Julie Felise Dubiner is one of my heroes. I first heard about her advocacy, fantastic dramaturgical skills, and undeniable sense of humor in 2003 from a friend who had been her intern. I looked her up and was hooked.
With the advent of social media, it’s become easier to connect with the people we admire on a regular basis. I love seeing Julie interact with playwrights, actors, designers, and other colleagues every day. Her ideas and opinions compel me to join the conversation and inspire me to action. Thanks, Julie!
Julie Felise Dubiner
Hometown: Hauppauge, LI, NY
Current town: Ashland, OR
How do you explain dramaturgy?
I came up with the handy 3 C’s when I was teaching: Content, Concept, Context.
I’ve described my work in terms of lifeguarding: I’m here, looking out for you. I will try to figure out if you’re waving or drowning if you can’t tell me yourself. And, if you need me to save you – if you fight me, we will both drown.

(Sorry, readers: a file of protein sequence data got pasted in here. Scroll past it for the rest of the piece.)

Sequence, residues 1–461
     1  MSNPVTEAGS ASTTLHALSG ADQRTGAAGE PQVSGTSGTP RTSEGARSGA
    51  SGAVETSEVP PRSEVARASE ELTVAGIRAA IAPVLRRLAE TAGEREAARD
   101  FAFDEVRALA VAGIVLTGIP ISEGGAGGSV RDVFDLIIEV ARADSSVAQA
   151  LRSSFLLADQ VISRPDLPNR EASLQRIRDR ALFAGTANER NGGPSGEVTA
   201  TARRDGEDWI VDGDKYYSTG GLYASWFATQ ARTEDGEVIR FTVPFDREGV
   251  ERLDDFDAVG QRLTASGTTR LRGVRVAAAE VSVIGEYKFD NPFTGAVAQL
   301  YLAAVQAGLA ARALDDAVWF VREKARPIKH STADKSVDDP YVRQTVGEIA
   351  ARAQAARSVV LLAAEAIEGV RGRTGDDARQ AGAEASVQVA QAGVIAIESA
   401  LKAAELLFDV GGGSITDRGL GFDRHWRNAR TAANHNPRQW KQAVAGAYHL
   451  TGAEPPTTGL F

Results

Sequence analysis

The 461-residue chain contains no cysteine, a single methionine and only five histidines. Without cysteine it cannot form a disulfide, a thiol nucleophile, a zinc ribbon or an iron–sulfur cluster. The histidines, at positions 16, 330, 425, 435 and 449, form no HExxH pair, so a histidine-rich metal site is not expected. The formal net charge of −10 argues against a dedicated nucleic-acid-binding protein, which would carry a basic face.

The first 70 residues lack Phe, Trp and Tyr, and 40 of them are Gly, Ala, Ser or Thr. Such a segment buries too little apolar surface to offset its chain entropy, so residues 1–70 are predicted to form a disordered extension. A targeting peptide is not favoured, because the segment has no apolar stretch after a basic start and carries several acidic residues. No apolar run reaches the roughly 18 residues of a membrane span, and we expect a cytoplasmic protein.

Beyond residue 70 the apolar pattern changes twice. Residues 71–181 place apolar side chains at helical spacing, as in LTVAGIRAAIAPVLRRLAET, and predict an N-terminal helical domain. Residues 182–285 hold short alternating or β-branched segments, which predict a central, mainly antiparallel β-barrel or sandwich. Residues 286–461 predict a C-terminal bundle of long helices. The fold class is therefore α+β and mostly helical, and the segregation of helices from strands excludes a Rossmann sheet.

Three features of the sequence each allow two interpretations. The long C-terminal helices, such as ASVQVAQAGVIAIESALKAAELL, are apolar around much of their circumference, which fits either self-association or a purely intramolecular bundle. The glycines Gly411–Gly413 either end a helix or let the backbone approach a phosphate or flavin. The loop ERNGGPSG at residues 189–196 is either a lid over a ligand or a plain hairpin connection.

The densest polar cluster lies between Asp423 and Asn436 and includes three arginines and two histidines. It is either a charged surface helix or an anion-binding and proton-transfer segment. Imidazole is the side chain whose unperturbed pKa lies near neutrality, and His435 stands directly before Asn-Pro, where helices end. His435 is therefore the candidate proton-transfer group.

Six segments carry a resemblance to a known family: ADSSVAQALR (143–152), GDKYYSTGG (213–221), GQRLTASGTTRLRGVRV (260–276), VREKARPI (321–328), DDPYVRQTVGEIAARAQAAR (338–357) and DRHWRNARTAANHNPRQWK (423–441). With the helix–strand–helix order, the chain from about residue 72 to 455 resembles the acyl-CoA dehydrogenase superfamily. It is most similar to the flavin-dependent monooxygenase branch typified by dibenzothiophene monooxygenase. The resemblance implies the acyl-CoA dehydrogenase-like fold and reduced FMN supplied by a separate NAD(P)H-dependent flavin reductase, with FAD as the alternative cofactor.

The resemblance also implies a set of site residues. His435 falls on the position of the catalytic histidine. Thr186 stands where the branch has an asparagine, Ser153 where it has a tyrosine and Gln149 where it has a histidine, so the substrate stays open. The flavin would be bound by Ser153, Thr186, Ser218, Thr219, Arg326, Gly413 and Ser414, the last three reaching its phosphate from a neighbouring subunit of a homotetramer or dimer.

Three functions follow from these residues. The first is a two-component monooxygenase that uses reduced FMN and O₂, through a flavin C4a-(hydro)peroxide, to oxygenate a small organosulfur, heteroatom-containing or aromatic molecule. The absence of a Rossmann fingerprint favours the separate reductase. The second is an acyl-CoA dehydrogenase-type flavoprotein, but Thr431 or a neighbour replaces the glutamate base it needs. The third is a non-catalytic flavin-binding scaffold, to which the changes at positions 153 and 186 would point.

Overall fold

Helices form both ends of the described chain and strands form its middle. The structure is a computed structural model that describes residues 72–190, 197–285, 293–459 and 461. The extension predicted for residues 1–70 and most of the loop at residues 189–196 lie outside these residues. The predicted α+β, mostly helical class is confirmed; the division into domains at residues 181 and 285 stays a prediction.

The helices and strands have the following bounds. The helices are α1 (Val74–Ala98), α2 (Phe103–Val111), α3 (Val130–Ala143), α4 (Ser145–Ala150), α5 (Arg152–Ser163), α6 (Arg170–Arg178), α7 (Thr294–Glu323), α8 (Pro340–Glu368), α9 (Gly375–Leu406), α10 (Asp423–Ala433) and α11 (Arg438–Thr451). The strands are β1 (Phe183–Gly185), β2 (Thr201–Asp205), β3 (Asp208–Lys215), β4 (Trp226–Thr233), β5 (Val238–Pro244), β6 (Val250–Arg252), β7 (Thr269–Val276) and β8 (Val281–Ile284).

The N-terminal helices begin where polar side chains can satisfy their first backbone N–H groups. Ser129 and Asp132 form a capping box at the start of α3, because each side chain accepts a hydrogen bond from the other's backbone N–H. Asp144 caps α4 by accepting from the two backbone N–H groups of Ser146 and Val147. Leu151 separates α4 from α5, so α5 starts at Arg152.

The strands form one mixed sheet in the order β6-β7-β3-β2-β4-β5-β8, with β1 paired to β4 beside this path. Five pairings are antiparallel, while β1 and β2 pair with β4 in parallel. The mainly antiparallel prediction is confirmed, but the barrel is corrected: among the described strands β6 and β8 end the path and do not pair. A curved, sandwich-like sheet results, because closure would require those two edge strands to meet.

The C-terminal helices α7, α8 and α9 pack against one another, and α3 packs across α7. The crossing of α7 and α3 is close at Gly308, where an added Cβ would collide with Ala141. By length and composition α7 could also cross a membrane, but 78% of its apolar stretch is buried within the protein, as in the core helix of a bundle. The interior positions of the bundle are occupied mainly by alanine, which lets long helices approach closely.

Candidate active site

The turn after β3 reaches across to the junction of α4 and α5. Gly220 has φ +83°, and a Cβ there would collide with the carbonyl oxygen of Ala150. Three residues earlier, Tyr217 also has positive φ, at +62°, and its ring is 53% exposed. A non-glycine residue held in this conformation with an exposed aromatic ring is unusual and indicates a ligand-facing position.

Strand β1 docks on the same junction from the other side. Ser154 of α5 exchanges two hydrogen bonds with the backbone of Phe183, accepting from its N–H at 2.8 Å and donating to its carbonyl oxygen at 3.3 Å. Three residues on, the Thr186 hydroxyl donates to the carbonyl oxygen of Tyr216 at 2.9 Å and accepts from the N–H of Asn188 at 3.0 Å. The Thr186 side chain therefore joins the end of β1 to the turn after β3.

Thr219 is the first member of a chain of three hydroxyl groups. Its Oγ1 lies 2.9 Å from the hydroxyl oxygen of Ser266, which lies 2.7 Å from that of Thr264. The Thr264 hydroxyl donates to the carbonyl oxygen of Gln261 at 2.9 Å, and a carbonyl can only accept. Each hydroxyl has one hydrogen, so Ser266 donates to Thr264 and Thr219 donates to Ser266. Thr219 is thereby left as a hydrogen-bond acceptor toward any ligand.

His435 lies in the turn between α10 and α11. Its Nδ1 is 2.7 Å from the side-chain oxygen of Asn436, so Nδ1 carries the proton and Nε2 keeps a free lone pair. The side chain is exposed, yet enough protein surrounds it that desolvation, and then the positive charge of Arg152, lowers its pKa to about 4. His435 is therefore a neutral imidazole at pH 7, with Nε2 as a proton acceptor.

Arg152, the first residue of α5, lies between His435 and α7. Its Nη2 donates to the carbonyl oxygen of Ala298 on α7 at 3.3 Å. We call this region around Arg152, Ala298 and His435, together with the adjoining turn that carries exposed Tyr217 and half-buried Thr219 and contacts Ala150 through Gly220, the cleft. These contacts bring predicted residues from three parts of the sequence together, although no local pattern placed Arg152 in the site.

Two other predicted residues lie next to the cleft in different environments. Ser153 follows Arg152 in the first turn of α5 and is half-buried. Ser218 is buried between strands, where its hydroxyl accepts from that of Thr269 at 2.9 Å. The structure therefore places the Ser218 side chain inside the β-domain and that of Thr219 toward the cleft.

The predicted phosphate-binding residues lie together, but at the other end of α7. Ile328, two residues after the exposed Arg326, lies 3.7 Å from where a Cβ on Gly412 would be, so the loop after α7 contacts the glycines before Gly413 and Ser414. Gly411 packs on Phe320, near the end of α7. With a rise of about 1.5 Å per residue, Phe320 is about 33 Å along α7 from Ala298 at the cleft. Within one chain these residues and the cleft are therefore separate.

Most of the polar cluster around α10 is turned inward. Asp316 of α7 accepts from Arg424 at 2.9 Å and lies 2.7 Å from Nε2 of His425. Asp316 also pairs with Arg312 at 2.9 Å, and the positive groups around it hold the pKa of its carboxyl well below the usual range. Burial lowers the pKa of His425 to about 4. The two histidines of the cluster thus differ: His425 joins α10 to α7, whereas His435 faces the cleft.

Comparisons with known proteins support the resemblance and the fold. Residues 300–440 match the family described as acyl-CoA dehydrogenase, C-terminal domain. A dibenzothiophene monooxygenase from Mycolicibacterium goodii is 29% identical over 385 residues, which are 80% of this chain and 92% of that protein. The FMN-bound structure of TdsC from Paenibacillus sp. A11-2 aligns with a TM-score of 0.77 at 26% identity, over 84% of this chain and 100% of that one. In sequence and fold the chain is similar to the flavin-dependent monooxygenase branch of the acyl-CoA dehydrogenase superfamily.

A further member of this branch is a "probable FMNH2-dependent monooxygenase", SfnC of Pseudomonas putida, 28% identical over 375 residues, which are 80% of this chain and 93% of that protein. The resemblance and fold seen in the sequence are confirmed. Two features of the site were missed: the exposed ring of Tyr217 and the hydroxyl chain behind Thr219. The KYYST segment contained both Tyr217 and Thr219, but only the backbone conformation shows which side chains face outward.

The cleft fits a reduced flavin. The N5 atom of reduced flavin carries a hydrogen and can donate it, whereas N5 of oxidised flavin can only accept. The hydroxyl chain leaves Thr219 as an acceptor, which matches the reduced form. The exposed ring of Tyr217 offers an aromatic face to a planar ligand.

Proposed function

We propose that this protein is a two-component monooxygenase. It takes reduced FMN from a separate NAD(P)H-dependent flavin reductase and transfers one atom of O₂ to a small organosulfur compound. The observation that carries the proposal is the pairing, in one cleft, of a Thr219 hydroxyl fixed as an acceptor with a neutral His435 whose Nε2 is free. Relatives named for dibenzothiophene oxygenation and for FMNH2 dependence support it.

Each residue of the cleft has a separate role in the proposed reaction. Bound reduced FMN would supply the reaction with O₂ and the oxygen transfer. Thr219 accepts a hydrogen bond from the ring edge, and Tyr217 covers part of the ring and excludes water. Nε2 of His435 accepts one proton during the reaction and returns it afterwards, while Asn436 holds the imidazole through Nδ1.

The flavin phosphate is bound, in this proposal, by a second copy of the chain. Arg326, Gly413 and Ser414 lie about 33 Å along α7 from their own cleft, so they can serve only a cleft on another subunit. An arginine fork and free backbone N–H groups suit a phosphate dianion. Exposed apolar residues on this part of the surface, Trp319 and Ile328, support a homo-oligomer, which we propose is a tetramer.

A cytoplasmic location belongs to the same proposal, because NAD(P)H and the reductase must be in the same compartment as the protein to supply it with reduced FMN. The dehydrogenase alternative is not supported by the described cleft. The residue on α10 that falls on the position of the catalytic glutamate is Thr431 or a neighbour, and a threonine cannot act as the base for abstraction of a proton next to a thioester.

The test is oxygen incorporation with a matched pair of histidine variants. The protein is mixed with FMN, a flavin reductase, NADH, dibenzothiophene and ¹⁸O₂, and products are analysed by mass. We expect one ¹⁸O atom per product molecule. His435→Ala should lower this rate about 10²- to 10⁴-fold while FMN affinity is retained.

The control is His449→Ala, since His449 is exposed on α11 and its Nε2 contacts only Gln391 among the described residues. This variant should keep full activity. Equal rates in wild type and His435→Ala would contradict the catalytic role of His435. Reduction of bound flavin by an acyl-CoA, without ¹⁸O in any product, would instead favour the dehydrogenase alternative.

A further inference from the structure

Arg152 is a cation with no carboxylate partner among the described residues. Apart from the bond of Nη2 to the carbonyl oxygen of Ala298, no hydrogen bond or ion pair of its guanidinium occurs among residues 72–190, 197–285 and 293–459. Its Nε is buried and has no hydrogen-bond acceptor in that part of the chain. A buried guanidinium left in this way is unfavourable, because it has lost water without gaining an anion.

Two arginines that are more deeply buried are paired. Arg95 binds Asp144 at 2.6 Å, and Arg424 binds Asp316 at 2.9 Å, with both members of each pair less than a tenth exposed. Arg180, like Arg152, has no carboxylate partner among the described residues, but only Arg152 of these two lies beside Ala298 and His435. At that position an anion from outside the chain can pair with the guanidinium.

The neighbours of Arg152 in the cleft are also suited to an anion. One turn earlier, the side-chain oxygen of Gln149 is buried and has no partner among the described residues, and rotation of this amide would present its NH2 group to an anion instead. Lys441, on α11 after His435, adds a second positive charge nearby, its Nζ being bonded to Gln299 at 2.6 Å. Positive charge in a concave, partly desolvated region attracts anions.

I’ve used Red from Shawshank Redemption – we know how to find stuff.
I’m Marie in When Harry Met Sally. I’m Itzak Stern from Schindler’s List. I’m Tom Hagen, the consigliere.
I am Indiana Jones.
I am a very rich man with a powerful coffee addiction on Smash.
I’m a smart girl with glasses, everyone’s best friend. With a powerful coffee addiction.
Mostly, I like to say that we are the ones who double-dog dare theaters, artists, and audiences to dig deeper on all levels.
How does dramaturgy appear in your daily life? How does dramaturgy inform or relate to what you do?